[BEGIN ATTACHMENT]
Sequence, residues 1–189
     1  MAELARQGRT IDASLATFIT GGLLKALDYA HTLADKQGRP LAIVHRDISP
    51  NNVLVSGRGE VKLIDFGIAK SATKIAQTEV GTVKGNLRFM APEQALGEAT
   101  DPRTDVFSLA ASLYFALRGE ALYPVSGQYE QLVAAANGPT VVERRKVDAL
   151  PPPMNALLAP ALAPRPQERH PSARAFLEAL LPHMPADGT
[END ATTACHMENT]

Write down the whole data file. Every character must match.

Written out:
Sequence, residues 1–189
     1  MAELARQGRT IDASLATFIT GGLLKALDYA HTLADKQGRP LAIVHRDISP
    51  NNVLVSGRGE VKLIDFGIAK SATKIAQTEV GTVKGNLRFM APEQALGEAT
   101  DPRTDVFSLA ASLYFALRGE ALYPVSGQYE QLVAAANGPT VVERRKVDAL
   151  PPPMNALLAP ALAPRPQERH PSARAFLEAL LPHMPADGT